Important to note that the learned Judge knowing that there is no legal provision to restrain the DCGI from approving the application for generic Dasatinib, has diligently and aptly used the word ‘ought’ while referring BMS ex parte relief of restraining Hetero from pursuing application before the DCGI. In fact, the Delhi HC order finds reasonable support in Sec. 2 of the Drugs & Cosmetic Act, 1940 (DCA) which states that the provisions under DCA shall be in addition to and not in derogation of any other law for the time being in force. Further it is important to note that this is just a temporary order which is passed to stop Hetero generic dasatinib during the pendency of the trial and also the order is restrictively limited to Hetero case. Till here, both the Delhi HC and BMS acted within the periphery of the law. The order nowhere creates any ‘patent-drug regulatory’ linkage or authorizes the DCGI to monitor drug patents and framing such an opinion at this moment when the Delhi HC has not even started hearing on the issue (just made a temporary order) and judgment still awaited is completely irrational. The issue is been unnecessarily sensationalized by the newspaper media, further creating more confusion and chaos among the domestic pharma companies and patent practitioners, however, the whole dasatinib episode has surely left us with few questions that now need utmost attention.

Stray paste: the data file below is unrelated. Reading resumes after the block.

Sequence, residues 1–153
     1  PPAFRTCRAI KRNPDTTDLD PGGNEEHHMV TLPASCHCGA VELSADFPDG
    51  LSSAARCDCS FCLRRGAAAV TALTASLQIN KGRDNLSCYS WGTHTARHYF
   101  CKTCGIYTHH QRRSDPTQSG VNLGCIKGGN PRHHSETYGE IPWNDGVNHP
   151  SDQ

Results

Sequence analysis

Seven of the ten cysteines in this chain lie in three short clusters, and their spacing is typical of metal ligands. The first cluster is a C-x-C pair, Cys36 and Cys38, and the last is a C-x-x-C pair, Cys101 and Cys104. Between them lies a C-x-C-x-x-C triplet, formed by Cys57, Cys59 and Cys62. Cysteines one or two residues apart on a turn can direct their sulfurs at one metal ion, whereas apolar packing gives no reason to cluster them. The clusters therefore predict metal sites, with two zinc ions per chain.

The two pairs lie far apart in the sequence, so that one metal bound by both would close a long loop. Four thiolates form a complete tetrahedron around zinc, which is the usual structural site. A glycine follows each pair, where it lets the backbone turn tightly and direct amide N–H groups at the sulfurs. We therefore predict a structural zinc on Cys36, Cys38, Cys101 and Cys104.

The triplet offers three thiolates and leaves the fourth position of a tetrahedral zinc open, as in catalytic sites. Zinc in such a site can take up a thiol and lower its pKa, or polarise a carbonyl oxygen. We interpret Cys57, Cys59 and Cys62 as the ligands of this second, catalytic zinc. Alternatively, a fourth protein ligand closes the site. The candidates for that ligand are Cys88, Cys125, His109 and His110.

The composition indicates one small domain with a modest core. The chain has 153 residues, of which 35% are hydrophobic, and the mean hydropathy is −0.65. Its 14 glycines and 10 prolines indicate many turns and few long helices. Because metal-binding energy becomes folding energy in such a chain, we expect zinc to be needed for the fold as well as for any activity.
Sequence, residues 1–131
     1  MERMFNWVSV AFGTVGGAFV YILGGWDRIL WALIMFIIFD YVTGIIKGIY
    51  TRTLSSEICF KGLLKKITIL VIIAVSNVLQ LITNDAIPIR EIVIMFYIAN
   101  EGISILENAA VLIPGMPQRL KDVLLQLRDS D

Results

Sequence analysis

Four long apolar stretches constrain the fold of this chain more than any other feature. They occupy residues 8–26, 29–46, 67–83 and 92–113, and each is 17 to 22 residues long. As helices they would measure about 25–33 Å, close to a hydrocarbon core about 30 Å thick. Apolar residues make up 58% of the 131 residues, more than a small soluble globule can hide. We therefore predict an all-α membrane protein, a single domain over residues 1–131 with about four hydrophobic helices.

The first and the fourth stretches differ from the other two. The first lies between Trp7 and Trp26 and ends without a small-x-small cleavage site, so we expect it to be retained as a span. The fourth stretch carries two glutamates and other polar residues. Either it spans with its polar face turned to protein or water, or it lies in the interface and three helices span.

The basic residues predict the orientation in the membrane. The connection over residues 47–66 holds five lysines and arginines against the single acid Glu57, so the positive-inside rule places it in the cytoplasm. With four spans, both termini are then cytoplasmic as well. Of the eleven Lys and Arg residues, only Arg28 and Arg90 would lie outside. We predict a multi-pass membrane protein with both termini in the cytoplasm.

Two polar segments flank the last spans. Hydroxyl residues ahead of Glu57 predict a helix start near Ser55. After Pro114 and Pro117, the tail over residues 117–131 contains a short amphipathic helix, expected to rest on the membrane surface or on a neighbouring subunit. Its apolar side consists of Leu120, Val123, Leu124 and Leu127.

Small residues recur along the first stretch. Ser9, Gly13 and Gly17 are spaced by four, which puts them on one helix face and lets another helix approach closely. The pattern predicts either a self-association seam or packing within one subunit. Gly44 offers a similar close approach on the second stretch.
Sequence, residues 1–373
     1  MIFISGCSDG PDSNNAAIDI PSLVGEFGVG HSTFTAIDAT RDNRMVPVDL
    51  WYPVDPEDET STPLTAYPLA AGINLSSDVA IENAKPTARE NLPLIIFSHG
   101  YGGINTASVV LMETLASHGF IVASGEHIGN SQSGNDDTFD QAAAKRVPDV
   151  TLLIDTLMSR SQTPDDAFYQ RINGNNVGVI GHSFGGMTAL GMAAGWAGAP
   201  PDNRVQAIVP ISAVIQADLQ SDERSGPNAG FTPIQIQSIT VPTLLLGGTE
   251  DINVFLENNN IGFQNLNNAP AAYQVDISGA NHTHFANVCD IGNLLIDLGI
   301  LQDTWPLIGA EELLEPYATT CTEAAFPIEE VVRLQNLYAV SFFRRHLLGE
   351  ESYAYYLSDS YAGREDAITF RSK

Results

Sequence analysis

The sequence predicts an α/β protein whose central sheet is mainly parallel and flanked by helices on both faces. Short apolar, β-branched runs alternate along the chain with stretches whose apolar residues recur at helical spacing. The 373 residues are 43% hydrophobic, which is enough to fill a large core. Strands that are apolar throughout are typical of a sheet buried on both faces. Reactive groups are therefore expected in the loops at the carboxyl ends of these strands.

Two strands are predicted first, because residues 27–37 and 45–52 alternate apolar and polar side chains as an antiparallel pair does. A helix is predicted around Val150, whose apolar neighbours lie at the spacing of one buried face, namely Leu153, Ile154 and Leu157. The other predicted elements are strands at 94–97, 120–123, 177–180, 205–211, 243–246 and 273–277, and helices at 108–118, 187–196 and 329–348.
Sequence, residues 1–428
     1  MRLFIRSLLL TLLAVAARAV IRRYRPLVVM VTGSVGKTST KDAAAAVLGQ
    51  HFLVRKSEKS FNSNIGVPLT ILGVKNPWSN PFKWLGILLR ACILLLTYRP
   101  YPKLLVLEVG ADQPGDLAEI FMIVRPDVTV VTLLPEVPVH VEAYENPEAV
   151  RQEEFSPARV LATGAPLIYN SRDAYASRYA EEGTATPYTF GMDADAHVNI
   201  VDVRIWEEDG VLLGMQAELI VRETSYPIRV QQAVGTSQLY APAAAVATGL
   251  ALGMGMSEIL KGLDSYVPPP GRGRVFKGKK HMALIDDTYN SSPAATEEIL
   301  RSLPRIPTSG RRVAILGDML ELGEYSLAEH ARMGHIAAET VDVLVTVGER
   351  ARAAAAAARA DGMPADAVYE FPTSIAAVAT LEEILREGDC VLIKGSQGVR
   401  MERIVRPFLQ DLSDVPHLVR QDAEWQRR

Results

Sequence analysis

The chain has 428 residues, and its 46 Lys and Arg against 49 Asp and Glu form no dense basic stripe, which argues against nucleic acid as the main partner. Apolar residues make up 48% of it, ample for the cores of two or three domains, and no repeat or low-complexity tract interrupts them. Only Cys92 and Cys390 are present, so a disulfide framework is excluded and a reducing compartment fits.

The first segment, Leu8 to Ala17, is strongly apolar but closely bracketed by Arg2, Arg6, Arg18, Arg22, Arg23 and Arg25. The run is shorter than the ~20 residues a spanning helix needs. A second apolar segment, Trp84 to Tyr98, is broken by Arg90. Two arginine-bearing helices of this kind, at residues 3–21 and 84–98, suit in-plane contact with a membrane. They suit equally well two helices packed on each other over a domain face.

(1) Whether approval of generic version of a patented drug violates the exclusive right of the patentee under Sec. 48 of the Patents Act, 1970?

(2) Is there a need to formulate substantive and procedural laws under Drugs & Cosmetic Act, 1940 regarding approval of generic version of a patented drug?

(3) How enforcement of drug patents feasible in India?

(4) Is ‘patent-drug regulatory’ linkage a necessity?

(5) Importantly is India really serious about drug patents or possibly we are moving toward creating more chaos?

The Delhi HC order has surely opened a wide platform for policy discussions, particularly related to ‘patent-drug regulatory’ linkage and enforcement of patent right.


  1. Aliasgar Dholkawala4:55 PM

    Dear Varun,

    I would refer to section 107 A of the patent act which says that an act of making, constructing, using, selling or importing a patented invention solely for uses reasonably related to development and submission of information required under any law in India, or in other country, that regulates the manufacture, construction, use, sale or import of any product; is not considered as infringement.